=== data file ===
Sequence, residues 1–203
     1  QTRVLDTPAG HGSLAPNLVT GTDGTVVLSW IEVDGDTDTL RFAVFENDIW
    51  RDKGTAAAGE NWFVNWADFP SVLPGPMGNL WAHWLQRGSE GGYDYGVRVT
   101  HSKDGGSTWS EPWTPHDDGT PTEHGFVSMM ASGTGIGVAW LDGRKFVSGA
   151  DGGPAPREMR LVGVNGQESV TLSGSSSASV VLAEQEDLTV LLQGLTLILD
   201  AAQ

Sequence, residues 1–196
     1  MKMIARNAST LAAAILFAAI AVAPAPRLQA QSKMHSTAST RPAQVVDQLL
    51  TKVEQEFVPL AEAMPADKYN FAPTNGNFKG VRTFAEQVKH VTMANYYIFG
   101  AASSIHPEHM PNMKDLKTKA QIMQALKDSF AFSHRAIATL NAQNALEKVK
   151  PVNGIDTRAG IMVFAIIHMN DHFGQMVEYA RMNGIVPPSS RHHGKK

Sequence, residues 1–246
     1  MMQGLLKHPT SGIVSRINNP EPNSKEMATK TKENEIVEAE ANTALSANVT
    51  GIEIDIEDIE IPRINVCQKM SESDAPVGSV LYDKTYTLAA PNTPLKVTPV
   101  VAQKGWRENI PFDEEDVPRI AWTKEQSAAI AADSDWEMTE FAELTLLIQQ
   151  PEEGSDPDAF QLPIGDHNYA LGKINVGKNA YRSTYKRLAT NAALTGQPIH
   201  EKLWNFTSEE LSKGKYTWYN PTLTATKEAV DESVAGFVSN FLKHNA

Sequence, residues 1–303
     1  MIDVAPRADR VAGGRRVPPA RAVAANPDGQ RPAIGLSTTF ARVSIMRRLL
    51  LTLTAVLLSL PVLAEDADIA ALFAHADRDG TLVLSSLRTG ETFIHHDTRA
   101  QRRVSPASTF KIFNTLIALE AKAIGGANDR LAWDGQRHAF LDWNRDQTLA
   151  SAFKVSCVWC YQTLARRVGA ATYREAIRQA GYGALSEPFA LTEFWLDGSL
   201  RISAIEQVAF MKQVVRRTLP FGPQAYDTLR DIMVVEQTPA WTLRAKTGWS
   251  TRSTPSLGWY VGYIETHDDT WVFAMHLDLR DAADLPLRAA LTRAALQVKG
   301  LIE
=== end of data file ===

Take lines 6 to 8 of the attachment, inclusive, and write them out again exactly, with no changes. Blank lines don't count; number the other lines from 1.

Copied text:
   201  AAQ

Sequence, residues 1–196
     1  MKMIARNAST LAAAILFAAI AVAPAPRLQA QSKMHSTAST RPAQVVDQLL